FSRI Releases Report - Residential Flashover Prevention with Reduced Water Flow: Phase 2
During phase 2 of the "Residential Flashover Prevention with Reduced Water Flow" experiments were conducted to examine if a conical water spray that directly cools the fuel can be scaled up to prevent flashover in larger rooms while maintaining the reduced water flow demand for the system. The low flow nozzle system tested in this study reliably delayed fire growth, but would not reliably prevent flashover. The full report that can be downloaded at the bottom of this page.
The purpose of this study was to investigate the feasibility of a residential flashover prevention system with reduced water flow requirements relative to a residential sprinkler system designed to meet NFPA 13D requirements. The flashover prevention system would be designed for retrofit applications where water supplies are limited. In addition to examining the water spray’s impact on fire growth, this study utilized thermal tenability criteria as defined in UL 199, Standard for Automatic Sprinklers for Fire-Protection Service. The strategy investigated was to use full cone spray nozzles that would discharge water low in the fire room and directly onto burning surfaces of the contents in the room. Where as current sprinkler design discharges water in a manner that cools the hot gas layer, wets the walls and wets the surface of the contents in the fire room.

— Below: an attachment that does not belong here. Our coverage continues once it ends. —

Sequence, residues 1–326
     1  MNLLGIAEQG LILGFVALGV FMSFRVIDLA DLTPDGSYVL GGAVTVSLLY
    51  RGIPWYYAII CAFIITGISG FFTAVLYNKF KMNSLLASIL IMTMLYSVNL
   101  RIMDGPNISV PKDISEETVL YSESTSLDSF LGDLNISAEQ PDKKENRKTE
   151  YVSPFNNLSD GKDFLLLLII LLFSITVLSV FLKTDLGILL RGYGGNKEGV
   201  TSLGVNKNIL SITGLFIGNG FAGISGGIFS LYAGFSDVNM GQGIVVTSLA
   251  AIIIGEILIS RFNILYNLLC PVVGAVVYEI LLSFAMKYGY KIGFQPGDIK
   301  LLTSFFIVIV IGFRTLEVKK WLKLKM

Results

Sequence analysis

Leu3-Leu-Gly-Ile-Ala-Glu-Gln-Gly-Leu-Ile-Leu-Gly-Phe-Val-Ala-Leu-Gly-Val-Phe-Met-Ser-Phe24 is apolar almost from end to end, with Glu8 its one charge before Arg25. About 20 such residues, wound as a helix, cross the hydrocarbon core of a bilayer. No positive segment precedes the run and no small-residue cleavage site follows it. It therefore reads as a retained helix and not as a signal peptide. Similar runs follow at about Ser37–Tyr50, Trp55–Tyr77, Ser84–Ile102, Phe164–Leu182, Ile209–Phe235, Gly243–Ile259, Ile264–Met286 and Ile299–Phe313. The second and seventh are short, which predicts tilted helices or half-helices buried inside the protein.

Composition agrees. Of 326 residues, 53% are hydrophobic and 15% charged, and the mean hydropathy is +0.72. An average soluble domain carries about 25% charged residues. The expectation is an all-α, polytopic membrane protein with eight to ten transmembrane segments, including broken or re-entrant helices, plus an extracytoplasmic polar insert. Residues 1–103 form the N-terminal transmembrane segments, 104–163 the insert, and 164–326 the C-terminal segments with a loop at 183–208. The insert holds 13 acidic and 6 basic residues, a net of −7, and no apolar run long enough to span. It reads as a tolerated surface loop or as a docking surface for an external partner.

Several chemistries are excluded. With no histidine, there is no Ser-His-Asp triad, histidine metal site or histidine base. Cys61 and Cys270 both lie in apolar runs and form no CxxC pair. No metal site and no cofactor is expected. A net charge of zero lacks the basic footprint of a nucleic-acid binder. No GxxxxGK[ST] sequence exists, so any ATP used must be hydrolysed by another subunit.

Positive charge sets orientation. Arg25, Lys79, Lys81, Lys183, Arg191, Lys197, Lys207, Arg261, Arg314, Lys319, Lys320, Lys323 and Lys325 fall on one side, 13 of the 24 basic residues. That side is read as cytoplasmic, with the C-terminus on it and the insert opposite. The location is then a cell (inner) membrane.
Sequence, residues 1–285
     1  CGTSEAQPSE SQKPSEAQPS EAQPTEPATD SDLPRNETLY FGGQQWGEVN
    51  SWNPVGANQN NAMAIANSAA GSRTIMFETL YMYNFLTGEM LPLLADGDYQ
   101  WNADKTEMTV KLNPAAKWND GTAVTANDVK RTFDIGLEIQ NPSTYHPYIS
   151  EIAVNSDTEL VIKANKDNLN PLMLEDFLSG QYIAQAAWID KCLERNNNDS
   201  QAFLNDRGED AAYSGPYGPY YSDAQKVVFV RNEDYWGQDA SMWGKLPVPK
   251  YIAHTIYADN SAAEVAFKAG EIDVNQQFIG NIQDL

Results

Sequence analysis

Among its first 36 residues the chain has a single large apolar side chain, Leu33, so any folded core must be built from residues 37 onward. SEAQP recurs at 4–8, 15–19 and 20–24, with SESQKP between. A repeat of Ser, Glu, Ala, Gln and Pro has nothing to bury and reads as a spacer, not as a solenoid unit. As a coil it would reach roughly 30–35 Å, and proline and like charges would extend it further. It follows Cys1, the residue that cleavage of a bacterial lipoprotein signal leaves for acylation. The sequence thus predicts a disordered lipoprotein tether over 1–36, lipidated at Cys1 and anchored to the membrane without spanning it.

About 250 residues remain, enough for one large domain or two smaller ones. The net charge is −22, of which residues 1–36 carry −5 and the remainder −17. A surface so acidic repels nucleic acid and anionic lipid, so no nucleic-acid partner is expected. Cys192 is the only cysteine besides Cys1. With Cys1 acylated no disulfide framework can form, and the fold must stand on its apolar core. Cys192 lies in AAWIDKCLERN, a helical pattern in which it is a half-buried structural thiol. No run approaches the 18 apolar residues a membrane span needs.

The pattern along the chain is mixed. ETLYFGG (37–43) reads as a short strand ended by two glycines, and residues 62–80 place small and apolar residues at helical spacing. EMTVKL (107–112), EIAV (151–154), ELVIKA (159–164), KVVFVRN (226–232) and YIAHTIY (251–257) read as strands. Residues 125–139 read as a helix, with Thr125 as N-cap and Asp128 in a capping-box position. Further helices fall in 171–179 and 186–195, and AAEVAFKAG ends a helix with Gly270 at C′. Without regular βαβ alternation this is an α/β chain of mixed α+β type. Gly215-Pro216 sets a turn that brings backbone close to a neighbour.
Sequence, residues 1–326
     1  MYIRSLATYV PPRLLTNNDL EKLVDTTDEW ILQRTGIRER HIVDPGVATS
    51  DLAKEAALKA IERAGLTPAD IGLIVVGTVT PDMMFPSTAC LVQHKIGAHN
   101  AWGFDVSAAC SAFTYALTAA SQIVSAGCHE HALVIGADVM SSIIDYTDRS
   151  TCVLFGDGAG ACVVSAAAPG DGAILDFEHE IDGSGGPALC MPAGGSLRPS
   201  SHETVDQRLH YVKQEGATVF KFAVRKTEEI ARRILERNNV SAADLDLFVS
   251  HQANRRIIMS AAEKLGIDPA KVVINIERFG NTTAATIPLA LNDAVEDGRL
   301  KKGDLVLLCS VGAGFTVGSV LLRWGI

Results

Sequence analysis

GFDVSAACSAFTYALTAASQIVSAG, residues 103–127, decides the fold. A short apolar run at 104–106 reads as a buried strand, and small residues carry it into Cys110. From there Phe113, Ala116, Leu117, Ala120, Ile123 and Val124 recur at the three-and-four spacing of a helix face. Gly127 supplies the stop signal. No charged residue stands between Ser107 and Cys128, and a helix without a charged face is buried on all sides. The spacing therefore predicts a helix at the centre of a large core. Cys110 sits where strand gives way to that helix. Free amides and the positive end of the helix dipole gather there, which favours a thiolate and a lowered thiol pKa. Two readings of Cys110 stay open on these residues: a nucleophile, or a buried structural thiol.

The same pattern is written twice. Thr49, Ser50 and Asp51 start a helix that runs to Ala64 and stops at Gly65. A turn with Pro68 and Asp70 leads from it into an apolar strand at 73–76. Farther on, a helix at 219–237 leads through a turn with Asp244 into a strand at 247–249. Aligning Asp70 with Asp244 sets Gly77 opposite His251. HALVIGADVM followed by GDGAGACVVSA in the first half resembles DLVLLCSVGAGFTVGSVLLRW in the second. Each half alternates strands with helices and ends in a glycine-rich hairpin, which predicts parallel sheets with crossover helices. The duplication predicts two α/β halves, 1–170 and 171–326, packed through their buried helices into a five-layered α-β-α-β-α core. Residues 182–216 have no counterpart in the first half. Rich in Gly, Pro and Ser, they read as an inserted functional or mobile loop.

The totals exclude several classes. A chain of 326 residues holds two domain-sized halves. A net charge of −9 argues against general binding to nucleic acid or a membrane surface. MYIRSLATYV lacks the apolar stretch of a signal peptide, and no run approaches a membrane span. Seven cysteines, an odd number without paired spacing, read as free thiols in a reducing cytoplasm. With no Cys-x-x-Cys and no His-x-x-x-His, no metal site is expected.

A series of eight full-scale, compartment fire experiments with residential furnishings were conducted with low flow nozzles. While the 23 lpm (6 gpm) of water was the same between experiments, the discharge density or water flux around the area of ignition varied between 0.3 mm/min (0.008 gpm/ft2) and 1.8 mm/min (0.044 gpm/ft2). Three of the experiments prevented flashover. Five of the experiments resulted in the regrowth of the fire while the water was flowing. Regrowth of the fire led to untenable conditions, per UL 199 criteria, in the fire room. At approximately the same time as the untenability criteria were reached, the second sprinkler in the hallway activated. In a completed system, the activation of the second sprinkler would reduce the water flow to the fire room, which would potentially lead to flashover. The variations in the burning behavior of the sofa resulted in shielded fires which led to the loss of effectiveness of the reduced flow solid cone water sprays. As a result of these variations, a correlation between discharge density at the area of ignition and fire suppression performance could not be determined given the limited number of experiments.
An additional experiment using an NFPA 13D sprinkler system, flowing 30 lpm (8 gpm), demonstrated more effective suppression than any of the experiments with a nozzle. The success of the sprinkler compared with the unreliable suppression performance of the lower flow nozzles supports the minimum discharge density requirements of 2 mm/min (0.05 gpm/ft2) from NFPA 13D. The low flow nozzle system tested in this study reliably delayed fire growth, but would not reliably prevent flashover.
Research Project: Residential Flashover Prevention Research
Report Title: Residential Flashover Prevention with Reduced Water Flow: Phase 2
Report Authors: Nick Dow and Daniel Madrzykowski
Download the Report: https://dx.doi.org/10.54206/102376/NUZJ8120
Release Date: November 9, 2021